Owners of arms-carrying ship stopped off Crete deny wrongdoing

Cargo ship Andromeda (IMO 7614666) was reported stopped by the Greek Coastguard on January 7th, leading to the discovery of 29 containers on board that were full of explosives and detonators.

A representative of Andromeda Shipmanagement SA, which owns the vessel, said on January 11th that there was nothing illegal about the shipment. The vessel had paused off Crete en route to Libya, but captain Theodoros Rellos said that the ship should not have been seized and that the eight crew should not have been taken into custody and then arraigned before a Piraeus court.

The local authorities claimed that sea safety laws had been breached and that the ship had dozens of problems.

The skipper said that he had been ordered by the ship’s owner to sail to the Libyan port of Misurata, rather than Djibouti, which was the destination listed in the ship’s itinerary.

Asked why the freighter had been sailing from port to port in the last two months, laden with 410 tons of explosives, Captain Rellos claimed that the ship had been chartered by two Turkish companies that owned the merchandise, but defaulted on their obligation to pay. Since the charterers did not pay the toll for the Suez Canal the ship could not continue to Djibouti. Because of the nature of the cargo, she headed from anchorage to anchorage, Captain Rellos said.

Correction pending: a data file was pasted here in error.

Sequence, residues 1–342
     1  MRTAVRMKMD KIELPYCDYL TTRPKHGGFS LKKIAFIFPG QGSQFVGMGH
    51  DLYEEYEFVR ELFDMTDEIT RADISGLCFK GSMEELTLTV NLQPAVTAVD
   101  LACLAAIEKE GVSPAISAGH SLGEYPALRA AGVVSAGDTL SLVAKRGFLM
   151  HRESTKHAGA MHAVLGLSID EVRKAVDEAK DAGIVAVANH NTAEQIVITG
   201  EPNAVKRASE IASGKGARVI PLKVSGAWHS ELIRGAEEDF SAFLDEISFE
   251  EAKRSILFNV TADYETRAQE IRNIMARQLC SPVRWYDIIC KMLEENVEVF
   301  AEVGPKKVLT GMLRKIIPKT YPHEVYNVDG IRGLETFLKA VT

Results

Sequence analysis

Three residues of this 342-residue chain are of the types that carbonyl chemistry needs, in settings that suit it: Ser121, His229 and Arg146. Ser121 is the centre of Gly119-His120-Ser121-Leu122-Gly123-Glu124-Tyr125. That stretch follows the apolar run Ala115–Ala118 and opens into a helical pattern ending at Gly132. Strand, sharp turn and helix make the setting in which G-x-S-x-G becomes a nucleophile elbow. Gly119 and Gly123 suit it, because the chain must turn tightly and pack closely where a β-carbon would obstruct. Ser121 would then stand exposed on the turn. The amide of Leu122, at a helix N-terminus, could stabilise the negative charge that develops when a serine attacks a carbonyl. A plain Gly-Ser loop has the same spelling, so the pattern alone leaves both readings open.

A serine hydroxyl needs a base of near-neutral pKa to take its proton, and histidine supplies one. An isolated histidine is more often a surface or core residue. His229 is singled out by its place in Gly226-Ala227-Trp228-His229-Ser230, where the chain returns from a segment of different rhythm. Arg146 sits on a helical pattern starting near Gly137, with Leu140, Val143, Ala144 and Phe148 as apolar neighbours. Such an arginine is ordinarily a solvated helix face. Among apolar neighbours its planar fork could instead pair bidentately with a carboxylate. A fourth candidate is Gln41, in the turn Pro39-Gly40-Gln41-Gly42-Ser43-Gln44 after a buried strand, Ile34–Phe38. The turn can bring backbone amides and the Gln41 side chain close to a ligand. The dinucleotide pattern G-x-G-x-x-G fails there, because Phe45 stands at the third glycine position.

Regarding claims by Andromeda’s captain that he had been asked to take the cargo to Libya, Rellos said that this had been part of an effort to find reliable storage for the cargo, which was offered by Misurata port in Libya, but the company had opted not to go. Asked about the 102 safety concerns relating to the ship’s seaworthiness cited by the Greek Coast Guard inspectors, Rellos said the ship was carrying out its last trip before it was to be dismantled in Turkey.

1979-built, Tanzania-flagged, 1,590 gt Andromeda is owned and managed by Andromeda Shipmanagement SA of Athens, Greece. It is entered with Hydor on behalf of Coasters Marine Corp.